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European Commissioner for Environment
"The frog does not drink up the pond in which it lives”
Roundtable with EUCCC on Green Business Opportunities in China
Bejing, 19 July 2013
Ladies and gentlemen,
There is a Chinese proverb that says "The frog does not drink up the pond in which it lives".
If there are 7 billion frogs in one pond then it is time to consider together how to avoid drinking it dry; especially if those frogs are very thirsty.
Well that is the situation we find ourselves in today. With a global population of 7 billion, we already treat this planet as if we had another one to go to.
And we humans are very thirsty, not only for water, but for many other resources such as minerals, materials, clean air, energy and biodiversity. Within one generation we will have 3 billion more middle class consumers. This is progress. More and more people are being lifted out of poverty, providing vast new markets and opportunities for business.
But the pressures of this growth are on a whole different scale to those we put on our planet before.
To give you a rough idea: the industrial revolution in Britain doubled the income per capita over 100 years for a population of 10 million. Today China has one-hundred times that population, and will double incomes in 10 years. A fantastic achievement, but one that implies a resource shock on the world economy that is about one-thousand times greater than that first industrialisation.
We witness that pressure on resources already in the sharp rise in commodity prices since the beginning of this century, after a century of price falls in real terms. But also in increasing pressure on clean water, on forests and on biodiversity.
Different global regions will respond in different ways to these pressures, depending on their population sizes and their access to raw materials. For Europe the impact of future resource constraints is becoming more clear. We are highly dependent on imported energy and raw materials and our labour is relatively expensive. If we want to remain competitive in world markets we have to make sure that we specialise in high added-value products, that we improve resource productivity and develop circular economy models. Our manufacturing companies are today spending twice as much on materials as on labour, so they need to focus on increasing material productivity as they did in the past on labour productivity.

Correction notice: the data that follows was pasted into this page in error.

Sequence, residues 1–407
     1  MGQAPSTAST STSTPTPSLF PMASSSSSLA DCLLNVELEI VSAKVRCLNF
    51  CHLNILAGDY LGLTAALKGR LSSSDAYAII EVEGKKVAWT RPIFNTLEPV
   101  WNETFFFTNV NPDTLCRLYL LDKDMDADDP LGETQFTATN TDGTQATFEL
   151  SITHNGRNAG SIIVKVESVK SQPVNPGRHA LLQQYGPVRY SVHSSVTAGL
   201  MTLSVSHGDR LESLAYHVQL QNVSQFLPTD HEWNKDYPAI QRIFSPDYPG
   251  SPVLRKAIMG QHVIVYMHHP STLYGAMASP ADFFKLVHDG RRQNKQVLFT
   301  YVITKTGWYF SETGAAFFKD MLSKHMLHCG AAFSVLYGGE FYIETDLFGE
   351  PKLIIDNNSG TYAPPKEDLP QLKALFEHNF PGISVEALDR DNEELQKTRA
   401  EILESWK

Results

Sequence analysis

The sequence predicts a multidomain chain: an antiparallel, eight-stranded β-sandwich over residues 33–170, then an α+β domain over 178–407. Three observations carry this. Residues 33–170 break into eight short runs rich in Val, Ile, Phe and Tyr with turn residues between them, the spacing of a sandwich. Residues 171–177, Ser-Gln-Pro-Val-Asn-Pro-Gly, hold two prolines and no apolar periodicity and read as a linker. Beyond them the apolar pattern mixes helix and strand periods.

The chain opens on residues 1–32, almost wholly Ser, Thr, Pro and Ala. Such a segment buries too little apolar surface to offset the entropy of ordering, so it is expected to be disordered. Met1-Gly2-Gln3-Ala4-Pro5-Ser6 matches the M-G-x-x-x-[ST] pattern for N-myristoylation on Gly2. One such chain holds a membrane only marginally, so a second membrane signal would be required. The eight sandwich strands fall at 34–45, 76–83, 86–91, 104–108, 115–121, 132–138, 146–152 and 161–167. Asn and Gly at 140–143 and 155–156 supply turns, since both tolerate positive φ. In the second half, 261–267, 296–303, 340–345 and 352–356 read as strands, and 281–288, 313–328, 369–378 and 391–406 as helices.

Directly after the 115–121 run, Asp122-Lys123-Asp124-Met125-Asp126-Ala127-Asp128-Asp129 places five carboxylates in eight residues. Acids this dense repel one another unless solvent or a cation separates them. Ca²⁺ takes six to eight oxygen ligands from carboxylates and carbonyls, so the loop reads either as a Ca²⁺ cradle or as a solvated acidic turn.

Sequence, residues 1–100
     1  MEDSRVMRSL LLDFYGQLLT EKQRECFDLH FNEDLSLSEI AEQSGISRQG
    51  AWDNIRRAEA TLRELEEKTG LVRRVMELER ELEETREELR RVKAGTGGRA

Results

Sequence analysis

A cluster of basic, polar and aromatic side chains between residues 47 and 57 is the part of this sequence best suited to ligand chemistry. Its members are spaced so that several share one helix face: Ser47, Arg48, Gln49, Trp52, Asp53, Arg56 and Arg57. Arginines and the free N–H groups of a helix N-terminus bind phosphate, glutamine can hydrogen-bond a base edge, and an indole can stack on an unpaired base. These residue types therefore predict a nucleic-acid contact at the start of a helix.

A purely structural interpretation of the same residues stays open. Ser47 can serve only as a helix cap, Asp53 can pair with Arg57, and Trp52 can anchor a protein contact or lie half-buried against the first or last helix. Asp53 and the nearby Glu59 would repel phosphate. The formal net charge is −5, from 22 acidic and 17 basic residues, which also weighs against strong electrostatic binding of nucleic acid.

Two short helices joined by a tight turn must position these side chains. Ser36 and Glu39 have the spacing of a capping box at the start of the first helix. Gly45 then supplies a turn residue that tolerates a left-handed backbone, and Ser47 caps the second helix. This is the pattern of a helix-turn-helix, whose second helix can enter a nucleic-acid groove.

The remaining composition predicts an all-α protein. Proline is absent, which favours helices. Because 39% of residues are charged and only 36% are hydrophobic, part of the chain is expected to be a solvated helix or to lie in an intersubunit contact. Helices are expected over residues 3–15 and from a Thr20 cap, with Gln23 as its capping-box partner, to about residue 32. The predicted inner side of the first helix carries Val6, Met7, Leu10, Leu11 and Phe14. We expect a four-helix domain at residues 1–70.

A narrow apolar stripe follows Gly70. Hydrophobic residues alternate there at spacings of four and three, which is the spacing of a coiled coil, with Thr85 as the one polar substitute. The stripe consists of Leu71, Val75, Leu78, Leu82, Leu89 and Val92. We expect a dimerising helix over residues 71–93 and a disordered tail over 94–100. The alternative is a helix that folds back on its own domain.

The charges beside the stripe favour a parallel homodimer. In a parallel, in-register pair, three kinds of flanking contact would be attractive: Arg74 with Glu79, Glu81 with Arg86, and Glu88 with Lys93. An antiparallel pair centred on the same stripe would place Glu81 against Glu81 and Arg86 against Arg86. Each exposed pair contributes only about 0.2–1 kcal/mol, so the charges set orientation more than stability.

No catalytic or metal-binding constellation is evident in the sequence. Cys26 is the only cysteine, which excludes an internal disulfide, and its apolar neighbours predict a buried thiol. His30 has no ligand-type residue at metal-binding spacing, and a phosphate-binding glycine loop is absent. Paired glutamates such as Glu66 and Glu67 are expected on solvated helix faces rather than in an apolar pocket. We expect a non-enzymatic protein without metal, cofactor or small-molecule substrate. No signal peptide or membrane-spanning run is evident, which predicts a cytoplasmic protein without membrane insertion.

For China the equation is a bit different, but the economic imperative to environmental policy is also great, and you are very aware of this. I have noted the inclusion of resource efficiency and circular economy aspects – such as urban mining – into the most recent 5 year plan. You are highly aware of the potential constraints to your future growth from resource constraints.
In the end we are all in the same pond, whether we live in a resource-rich, low-population country, or a resource-poor, high-population country, or – like China – a resource rich, high population country.
China faces many environmental challenges due to its rapid industrial growth. In dealing with these - as in Europe – it is important to stop the excesses of pollution and punish those who cause them. But that is not enough, and it is far better to prevent the pollution and degradation in the first place. For all of us, in the global context of global resource constraints, environmental policy will increasingly be not just about dealing with pollution after it has happened, but about finding ways to design it out of our economic systems and design it out of our products. We must all embrace this “new environmentalism”.
And it is our companies – Chinese and European – that will provide the solutions to do this and respond to these promising markets.
China, one of the EU major trading partners, will be a key player is this transformation to more resource efficient production and products. Both the EU and China recognise that our future economic growth needs to be green. We share the same vision: Environmental protection and economic growth must go hand in hand. The emphasis on environmental protection by China’s new leadership creates a very good basis for closer cooperation.
This cooperation can easily be translated into new market opportunities for businesses in both countries. Green growth offers an opportunity to most sectors of the economy, from the building industry to the food sector, from transport to energy production and also for the services sector and tourism. The potential for new partnerships with Chinese companies is huge in all sectors.
It will be for policy makers to set the proper regulatory framework and market conditions to allow business and industry to generate the innovation and investments needed. And we are working closely with Chinese authorities both on a bilateral and international level to do this. We are for example engaging with China through cooperation projects on environmental sustainability, on sustainable urbanisation, emissions trading and management of water resources. But it is the private sector that will bring about economic transformation. Turning challenges into opportunities to do more business and to do it better and smarter.
That is why we are here today.
Ladies and Gentlemen,
The reason that the frog does not drink up the water in its pond is not just because the pond is beautiful, but also because it is a vital resource, essential to its own wellbeing. For 7 billion human’s, new environmentalism is about mutual self-interest, not only about the intrinsic beauty of the world that we share. We simply cannot continue with the old resource-intensive growth model on a global scale. What worked for a very small proportion of the frogs will not work for billions.